The author sampling dive sites in Moalboal and Pescador Island in Cebu.

The Essentials. SCUBA makes “scuba” diving possible. A diver needs to know all about SCUBA diving gear and understand how it works in order to feel confident underwater. Fortunately, most resorts these days offer dive tours, which includes complete set of basic diving gear rentals. Others may offer Discover SCUBA packages for those who just want to try it but not seriously pursue a certificate. Part of SCUBA diving certification training is devoted to learning all about the diving gear, how to assemble it and how to use it safely and responsibly.

A beginner will need these five items – the bare essentials – just to begin training. Don’t fret. As I’ve said, most of these gears can be easily rented from dive shops in most resorts here in the Philippines.

If you’re planning on seriously making SCUBA diving a part of your lifestyle, the following are the basics that one should invest in:

  • Mask or Goggles
  • Booties
  • Swim fins
  • Weights and weight belt
  • Snorkel

After diving for a while, you might want to pick up some of the other diving gear for personal use.

Generally, the next item you might want to get is your very own wet suit. If you’re the squeamish type, wouldn’t it be nice to have your own to avoid the worries of renting one. Wet suits come in many styles, shapes, thickness and sizes, so be sure to get one that fits nicely and gives you both warmth and freedom of movement. Later on, as you keep logging some bottom time — most SCUBA divers carry with them a dive book where they log each dive, recording info such as dive location, length of dive (referred to as bottom time), depth, temperature, and visibility, you might also be attracted to owning other gear such as:

  • BCDs – Buoyancy Compensatory Devices
  • Gauges or Consoles – for air pressure and depth tracking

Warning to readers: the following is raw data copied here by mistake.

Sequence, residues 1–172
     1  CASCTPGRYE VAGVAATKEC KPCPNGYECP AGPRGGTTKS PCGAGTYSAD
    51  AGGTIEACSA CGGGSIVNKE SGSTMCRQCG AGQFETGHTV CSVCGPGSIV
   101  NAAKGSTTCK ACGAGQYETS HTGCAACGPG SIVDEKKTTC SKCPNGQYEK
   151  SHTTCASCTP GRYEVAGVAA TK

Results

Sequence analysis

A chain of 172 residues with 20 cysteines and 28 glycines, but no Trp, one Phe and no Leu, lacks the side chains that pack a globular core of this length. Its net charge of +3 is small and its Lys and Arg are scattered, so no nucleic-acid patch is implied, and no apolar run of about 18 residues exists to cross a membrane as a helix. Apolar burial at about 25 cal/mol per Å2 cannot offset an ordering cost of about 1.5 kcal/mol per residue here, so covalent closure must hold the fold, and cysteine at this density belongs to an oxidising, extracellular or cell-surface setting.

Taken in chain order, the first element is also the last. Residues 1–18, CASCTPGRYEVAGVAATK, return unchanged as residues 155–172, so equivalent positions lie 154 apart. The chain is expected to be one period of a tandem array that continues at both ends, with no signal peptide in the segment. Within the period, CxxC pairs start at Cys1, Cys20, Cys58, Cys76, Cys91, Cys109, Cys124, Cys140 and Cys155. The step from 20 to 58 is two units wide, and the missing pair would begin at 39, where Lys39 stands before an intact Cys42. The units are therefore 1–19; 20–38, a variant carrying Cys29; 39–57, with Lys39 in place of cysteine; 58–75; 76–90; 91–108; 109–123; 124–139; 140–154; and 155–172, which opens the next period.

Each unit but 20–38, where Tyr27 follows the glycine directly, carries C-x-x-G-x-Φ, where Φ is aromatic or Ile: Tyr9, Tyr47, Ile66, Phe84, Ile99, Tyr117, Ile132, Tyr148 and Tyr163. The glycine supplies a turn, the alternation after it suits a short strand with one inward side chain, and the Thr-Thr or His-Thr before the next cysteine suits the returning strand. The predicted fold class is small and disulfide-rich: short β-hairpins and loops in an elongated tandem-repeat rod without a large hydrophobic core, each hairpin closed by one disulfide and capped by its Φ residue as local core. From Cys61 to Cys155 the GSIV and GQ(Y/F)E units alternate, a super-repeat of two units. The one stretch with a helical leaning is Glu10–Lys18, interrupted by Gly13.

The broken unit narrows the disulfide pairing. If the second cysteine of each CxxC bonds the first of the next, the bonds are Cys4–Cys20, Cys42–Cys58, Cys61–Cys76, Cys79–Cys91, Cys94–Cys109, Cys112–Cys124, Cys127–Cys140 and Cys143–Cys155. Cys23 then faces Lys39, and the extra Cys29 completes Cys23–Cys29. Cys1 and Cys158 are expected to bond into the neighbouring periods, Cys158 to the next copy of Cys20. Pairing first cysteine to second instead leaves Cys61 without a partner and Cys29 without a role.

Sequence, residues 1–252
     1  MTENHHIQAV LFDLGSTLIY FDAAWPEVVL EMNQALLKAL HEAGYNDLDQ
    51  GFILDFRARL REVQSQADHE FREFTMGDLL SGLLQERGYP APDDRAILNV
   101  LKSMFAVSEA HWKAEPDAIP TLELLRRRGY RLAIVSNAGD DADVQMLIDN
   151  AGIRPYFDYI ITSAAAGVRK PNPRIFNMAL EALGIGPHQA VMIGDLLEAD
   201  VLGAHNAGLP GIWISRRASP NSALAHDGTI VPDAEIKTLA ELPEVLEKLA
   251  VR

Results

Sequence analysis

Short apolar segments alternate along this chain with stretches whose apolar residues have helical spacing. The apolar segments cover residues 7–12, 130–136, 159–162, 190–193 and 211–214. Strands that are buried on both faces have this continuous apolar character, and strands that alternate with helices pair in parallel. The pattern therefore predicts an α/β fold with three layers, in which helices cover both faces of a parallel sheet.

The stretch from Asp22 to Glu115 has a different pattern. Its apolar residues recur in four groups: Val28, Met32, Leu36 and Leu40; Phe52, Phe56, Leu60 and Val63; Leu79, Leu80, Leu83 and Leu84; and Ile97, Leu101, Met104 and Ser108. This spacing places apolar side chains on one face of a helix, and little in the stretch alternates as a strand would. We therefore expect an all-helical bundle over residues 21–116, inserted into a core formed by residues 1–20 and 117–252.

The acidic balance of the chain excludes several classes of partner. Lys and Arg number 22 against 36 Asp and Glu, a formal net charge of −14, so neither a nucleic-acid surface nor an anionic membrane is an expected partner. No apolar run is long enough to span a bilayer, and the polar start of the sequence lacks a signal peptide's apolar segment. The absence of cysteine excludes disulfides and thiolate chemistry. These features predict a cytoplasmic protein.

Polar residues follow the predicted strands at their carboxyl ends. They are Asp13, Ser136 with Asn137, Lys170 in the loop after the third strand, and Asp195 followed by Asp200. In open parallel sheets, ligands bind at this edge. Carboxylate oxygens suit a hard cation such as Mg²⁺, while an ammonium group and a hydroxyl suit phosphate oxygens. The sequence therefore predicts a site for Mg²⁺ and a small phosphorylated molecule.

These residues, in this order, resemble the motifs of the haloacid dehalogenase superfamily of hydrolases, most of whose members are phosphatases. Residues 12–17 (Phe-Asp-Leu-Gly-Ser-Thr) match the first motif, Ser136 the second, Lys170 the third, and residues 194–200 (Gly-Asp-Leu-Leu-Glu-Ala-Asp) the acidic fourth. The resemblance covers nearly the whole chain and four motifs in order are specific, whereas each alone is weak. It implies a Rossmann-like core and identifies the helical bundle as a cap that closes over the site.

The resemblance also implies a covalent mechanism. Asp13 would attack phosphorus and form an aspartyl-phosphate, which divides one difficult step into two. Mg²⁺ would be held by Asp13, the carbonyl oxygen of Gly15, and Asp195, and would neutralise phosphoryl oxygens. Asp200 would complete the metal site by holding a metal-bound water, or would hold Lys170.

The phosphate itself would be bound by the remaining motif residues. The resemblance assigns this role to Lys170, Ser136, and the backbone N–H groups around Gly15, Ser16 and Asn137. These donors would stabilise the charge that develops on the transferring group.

• Regulators

Then, there are the SCUBA tanks. Unless you are radically devoted – you usually wouldn’t go through all the trouble of buying your own tank. It is always easier to rent them from a dive shop where they will be inspected, maintained, tested and prefilled.

The Fancy. As in any sport or hobby, there always is a “fancy” line for the spendthrifts; after all, as the saying goes: If you can’t perform, JAPORMS. If you can’t play, DISPLAY!

Topping the list of “fancy” gear are the integrated weight systems (BCD and weights combined) and rebreathers (which recycle your exhaled breath back into the scuba system).

Well, if you have money to spend, you will never run out of gear to acquire. So, watcha waiting for? Let’s troop over to the nearest travel office and book us a dive expedition!


About Seeing with Brahmin eyes
My sense of humor can be keen, sarcastic, silly or corny -- sometimes all at once. I enjoy meeting new people with no preconceived ideas about what or what is not possible. You get much more out of life by being open minded and willing. I'm an easy going, good-natured person who loves life and loves people. I'm both optimistic and realistic and pretty objective when it comes to assessing situations, events, etc. In general I am a very positive person and you'll usually find we with a smile on my face.

One Response to Let’s Log Some Bottom Time

  1. Liza says:

    nice intro article, and great pics to boot! makes me wanna try SCUBA diving.